August 24, 2019
Top Five Reasons to Install Video Surveillance Security Technology, as you know, has come a long way in recent years. To imagine where we are today as recently as a...
In 2014, the latest year the FBI has full stats on, there were 1.7 million burglaries in the U.S. Of those, about 394,000 were commercial burglaries. Here are some tips to avoid a burglary at your small business or jobsite.
First and foremost, keep all areas well-lit at all times. Exterior lighting should illuminate any dark area, while interior lighting should allow those outside the business to see inside. Timers are great for these lights, to save money on electricity when it is daylight.
Those lights can help a jobsite camera catch a criminal in the act. With an IP camera, a live feed is always available, even off-site, allowing for constant surveillance. The very presence of cameras can act as a deterrent to potential burglars.
Rather than having a physical guard, a virtual guard can monitor the entire area in seconds using video analytics, and can alert law enforcement of any unwanted intrusion.
Put deadbolts on doors that lead outside, and extra locks on interior doors. Doorknob locks are essentially useless in a business environment. Ensure that doors are sturdy and hard to kick in. If needed, doors can be reinforced with a steel plate. Be sure all doors are locked at the end of the business day, or when the last person leaves the jobsite – the best doors in the world won’t matter if they are left unlocked. Also ensure that either hinges are on the inside of the doorway, or have non-removable pins. Padlock any rolling or garage doors.
Display windows should be reinforced glass to prevent a burglar breaking in. Windows in doors should be made of laminated or clear acrylic glass.
Don’t discount the old movie trope of sneaking through vents. Make sure all ventilation, crawl spaces, or any area shared with another business – such as an attic – are secured. Bars should cover skylights, and windows if possible.
Ladders, trees, drain pipes and other close rooftops can provide access to your business. Clear away any access by covering and locking ladders, trimming trees and securing any way into the business from the roof, such as a skylight. Install alarm sensors for added protection.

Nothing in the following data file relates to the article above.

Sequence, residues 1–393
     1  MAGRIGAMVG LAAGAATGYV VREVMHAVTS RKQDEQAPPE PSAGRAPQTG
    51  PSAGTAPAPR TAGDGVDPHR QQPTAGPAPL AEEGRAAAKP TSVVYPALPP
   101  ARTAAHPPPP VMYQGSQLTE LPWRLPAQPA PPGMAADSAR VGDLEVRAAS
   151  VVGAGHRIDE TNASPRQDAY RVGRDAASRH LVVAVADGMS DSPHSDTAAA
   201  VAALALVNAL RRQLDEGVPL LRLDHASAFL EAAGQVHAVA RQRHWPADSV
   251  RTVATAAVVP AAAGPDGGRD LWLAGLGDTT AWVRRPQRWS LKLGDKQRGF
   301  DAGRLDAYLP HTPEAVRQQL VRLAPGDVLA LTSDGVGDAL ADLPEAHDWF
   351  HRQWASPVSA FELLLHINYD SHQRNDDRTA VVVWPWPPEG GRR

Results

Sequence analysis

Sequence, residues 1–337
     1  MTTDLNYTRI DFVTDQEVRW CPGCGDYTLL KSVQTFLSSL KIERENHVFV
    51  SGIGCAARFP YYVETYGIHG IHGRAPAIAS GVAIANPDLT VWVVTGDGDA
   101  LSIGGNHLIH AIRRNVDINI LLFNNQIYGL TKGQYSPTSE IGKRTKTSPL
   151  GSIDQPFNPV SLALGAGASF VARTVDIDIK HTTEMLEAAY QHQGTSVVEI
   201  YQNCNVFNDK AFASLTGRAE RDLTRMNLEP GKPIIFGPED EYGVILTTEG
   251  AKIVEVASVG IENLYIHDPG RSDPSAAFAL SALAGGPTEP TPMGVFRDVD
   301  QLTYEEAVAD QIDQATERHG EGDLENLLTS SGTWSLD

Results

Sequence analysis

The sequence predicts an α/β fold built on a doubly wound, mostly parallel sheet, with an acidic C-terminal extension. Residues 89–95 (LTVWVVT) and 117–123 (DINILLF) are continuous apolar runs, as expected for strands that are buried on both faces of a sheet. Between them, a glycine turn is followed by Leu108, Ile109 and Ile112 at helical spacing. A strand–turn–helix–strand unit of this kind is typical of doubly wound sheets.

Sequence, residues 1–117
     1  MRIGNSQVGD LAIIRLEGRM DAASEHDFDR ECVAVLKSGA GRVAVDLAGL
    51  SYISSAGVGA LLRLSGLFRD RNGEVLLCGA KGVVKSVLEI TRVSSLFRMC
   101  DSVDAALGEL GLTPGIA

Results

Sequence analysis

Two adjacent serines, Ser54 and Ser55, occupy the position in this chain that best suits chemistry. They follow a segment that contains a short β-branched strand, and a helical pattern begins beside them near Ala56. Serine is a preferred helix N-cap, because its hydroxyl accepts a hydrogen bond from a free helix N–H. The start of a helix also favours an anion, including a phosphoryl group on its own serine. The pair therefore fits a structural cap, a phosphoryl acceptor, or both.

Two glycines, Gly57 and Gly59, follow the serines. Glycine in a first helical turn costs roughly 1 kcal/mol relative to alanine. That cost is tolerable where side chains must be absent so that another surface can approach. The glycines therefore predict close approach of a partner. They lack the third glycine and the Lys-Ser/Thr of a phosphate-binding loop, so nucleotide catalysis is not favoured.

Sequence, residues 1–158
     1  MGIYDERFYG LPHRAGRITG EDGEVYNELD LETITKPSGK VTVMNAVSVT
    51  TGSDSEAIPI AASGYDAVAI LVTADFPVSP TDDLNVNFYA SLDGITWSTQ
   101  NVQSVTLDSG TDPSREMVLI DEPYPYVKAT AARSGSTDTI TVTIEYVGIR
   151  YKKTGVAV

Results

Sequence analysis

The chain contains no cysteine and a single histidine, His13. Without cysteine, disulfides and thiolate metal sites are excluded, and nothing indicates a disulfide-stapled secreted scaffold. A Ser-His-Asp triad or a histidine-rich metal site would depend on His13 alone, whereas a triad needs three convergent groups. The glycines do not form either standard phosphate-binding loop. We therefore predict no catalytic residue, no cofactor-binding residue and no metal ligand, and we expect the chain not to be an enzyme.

Especially important at job sites, fences and gates can be the first line of defense. Fences should be as sturdy as possible. The bottom of a chain link fence should be secured so burglars are not able lift the bottom of the fence and slip under. Fences should be at least six feet high. Check to see if your local laws allow sharp-point fences. Secure gates with locks that are hard to pick or cut through.
Motion viewers on a video-verified alarm system can send video straight to a central command center that can dispatch local police as motion is detected, allowing for rapid response. Combine this with either an audible or silent alarm triggered by windows and doors opening.
Employ a system of continual bank drops for money, especially large bills. Make periodic drops throughout the day, so any burglary will have minimal effect on cash at hand should they succeed.
Building on the last point, keep the safe as empty as possible. Don’t keep more money on the premises than is strictly necessary. If it isn’t there, burglars can’t steal it. Keeping the safe bolted to the building but in a well-lit, visible place will make it much harder for burglars to do anything untoward without someone seeing them. A silent alarm and surveillance cameras pointed at the safe provide extra protection.
Burglars target businesses and job sites not kept in good condition. A business that does not look well taken care of likely means the owner or tenant doesn’t care about the business – meaning little security and an easy target. Pick up trash, erase graffiti and replace any broken property. Ensure upkeep of any landscaping, such as trimming bushes and pulling weeds.
Signs can act as a deterrent, letting any prospective criminal know they are under surveillance. If they know they are being watched, and could possibly be identified by cameras, they are less likely to go through with their plans.
Do a thorough background check on all new employees. Audit any employee that works with money, and do surprise inspections – such as whether doors are actually being locked. An insider can give a potential burglar a huge advantage against any alarm system.